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Eye in sky is even sharper

PUBLISHED: 10:37 06 August 2010 | UPDATED: 11:55 16 September 2010

A MAJOR new upgrade to Great Yarmouth's CCTV technology has been completed, giving sharper footage for prosecutions and allowing police near-live updates about crimes.

A MAJOR new upgrade to Great Yarmouth's CCTV technology has been completed, giving sharper footage for prosecutions and allowing police near-live updates about crimes.

The three-year project has seen public surveillance technology that covers the town centre, sea front and as far west as the Pasteur Road retail park upgraded to the tune of nearly a quarter of a million pounds.

Funded by Great Yarmouth Borough Council, the £237,000 of investment has led to an overhaul in the recording software and improvements to the 60-camera operation, which can now read a licence plate from 200 yards.

Town centre manager Jonathan Newman works with not-for-profit organisation Community Safety and the borough council to run the CCTV centre, which is based in the Market Gates Shopping Centre.

He said: “It's all about giving police testifying in court the best possible evidence, and this upgrade represents a massive improvement on what we had.

“Before, our footage was grainier, and was all recorded on VHS which couldn't be reviewed until the tape was finished. Now, we have technology which can review footage instantly.”

Mr Newman added that the payment for the work would be spread over five years, and that for some of the cameras, which had been in action for seven years, the move would reduce long term maintenance costs.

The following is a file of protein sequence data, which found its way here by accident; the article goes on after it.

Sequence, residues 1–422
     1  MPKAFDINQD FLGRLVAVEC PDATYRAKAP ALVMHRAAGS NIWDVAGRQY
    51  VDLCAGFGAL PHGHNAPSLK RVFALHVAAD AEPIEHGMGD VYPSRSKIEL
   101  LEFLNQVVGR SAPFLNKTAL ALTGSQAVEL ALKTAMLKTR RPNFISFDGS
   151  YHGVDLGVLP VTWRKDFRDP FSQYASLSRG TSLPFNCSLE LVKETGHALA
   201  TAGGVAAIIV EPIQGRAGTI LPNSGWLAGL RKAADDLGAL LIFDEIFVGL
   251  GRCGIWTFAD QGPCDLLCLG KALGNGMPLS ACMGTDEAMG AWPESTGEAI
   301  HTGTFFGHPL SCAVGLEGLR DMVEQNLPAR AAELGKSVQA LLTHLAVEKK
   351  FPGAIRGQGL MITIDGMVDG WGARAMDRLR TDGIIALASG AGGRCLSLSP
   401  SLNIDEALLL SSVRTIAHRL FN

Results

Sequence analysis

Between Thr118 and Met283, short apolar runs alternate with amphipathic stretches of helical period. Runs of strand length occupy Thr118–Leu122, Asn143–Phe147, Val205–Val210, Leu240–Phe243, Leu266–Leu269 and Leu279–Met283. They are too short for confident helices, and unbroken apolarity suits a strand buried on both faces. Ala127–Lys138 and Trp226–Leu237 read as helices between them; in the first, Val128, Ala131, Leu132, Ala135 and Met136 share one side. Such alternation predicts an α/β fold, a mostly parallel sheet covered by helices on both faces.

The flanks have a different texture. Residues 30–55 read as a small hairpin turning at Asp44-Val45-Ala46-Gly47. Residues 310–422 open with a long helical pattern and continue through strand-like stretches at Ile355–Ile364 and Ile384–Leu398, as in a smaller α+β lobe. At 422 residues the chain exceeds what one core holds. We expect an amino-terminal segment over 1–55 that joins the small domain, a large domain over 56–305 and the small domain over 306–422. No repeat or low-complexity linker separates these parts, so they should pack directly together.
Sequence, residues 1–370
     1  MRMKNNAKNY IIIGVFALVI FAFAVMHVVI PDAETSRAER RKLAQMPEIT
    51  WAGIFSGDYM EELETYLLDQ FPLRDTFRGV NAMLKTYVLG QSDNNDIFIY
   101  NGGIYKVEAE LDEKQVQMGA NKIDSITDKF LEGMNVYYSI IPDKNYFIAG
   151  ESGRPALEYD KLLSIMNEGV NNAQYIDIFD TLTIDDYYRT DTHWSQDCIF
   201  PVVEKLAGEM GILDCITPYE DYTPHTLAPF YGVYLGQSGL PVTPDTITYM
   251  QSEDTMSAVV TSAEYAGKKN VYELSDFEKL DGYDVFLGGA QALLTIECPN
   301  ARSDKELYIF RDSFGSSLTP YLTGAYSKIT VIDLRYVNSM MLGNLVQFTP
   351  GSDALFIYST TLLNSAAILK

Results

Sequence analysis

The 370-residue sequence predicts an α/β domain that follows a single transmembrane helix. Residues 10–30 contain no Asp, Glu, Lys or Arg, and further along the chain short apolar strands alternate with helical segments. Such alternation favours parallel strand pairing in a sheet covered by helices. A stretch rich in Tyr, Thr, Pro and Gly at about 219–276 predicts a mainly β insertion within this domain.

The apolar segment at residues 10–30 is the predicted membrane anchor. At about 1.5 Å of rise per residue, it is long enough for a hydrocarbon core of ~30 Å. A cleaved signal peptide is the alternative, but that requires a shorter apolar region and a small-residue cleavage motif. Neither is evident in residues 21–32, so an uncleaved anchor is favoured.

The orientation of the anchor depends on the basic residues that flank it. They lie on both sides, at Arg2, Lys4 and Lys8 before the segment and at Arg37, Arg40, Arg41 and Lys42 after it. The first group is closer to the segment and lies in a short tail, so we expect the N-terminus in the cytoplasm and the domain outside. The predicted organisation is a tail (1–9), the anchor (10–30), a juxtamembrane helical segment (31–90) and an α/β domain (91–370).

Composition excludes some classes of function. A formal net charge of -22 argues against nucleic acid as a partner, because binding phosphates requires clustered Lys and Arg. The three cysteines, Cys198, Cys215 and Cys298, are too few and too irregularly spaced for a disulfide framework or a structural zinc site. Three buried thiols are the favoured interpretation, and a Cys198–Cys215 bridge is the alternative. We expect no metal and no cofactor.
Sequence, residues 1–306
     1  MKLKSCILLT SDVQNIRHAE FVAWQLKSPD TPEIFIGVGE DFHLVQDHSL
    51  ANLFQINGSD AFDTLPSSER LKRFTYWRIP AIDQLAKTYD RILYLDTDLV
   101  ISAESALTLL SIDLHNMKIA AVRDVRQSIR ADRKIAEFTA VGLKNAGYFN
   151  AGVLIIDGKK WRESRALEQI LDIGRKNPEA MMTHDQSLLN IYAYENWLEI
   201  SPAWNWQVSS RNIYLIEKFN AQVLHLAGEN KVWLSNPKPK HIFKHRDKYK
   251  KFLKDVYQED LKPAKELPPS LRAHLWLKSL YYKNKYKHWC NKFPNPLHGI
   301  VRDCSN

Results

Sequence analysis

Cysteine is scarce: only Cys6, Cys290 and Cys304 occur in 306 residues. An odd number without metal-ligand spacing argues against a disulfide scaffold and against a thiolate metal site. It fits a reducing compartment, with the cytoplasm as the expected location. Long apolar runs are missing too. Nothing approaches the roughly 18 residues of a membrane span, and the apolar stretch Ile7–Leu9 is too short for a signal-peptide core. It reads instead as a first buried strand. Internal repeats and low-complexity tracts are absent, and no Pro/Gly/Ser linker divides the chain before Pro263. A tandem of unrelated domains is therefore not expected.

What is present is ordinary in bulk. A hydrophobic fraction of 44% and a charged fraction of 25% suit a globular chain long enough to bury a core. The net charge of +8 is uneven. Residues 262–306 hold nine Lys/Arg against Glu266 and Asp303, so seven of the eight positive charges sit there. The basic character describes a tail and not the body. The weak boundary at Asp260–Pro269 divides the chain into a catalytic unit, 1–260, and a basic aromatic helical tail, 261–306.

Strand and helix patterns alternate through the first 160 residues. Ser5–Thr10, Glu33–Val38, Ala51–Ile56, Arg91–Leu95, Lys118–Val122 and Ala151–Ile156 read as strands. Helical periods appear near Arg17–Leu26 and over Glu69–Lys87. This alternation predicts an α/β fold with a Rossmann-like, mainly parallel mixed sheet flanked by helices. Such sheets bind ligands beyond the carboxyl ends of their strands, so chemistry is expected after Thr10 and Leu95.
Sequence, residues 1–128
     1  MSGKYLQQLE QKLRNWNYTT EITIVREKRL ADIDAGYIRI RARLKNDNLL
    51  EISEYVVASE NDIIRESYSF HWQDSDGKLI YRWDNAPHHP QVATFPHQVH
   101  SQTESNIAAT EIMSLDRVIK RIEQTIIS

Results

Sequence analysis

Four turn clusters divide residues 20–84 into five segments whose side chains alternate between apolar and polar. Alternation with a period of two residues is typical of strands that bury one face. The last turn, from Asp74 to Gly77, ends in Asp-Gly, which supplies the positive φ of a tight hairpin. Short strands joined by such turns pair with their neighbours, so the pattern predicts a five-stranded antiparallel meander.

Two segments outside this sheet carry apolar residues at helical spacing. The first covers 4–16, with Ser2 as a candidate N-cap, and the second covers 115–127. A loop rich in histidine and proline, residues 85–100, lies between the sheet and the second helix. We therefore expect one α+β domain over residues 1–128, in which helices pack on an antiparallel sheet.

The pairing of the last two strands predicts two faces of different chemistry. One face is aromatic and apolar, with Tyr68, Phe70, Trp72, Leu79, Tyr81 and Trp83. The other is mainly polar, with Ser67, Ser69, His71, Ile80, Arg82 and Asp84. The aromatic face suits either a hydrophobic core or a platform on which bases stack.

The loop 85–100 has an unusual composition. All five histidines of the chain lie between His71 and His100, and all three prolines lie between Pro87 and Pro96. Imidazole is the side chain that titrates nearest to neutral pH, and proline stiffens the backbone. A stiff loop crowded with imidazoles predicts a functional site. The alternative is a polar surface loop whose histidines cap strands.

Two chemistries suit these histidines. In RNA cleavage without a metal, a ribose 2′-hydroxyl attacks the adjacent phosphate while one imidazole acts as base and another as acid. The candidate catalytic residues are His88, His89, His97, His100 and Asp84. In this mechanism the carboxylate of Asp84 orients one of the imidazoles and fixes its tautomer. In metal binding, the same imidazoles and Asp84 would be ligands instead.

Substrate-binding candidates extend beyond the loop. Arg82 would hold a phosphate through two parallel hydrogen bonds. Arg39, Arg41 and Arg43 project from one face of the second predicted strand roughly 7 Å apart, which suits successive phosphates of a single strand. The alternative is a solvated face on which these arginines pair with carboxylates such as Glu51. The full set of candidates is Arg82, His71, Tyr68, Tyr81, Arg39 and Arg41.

It also means the higher-quality footage, viewed by those working at the CCTV and relayed directly to police in Wymondham, is now stored on a huge hard drive.

The footage is then destroyed after 28 days, unless chosen specificially to be used for evidence.

The step was praised by police, who said they “strongly supported” it to help fight crime in the area.

Sgt Tony Blackman, from the South Yarmouth Safer Neighbourhood Team, said: “The improvements made in the CCTV system in recent years means areas, particularly the town centre, benefit from comprehensive coverage.

“The provision of CCTV not only helps deter crime and allow us to detect offences, it offers reassurance to people living, working and visiting Great Yarmouth.”

Such technology allows police and operators of the cameras, which can move 360 degrees, to rewind back over recent footage, allowing them to give more accurate information to those at the scene of an incident.

John Pond, who oversees the CCTV operation in Great Yarmouth, emphasised that CCTVs are not just used for crimes, but also for tracking down missing persons and traffic surveillance. “We have broadcast quality film, the best. It's not the kind of grainy footage you see on things like Crime Watch” he added.

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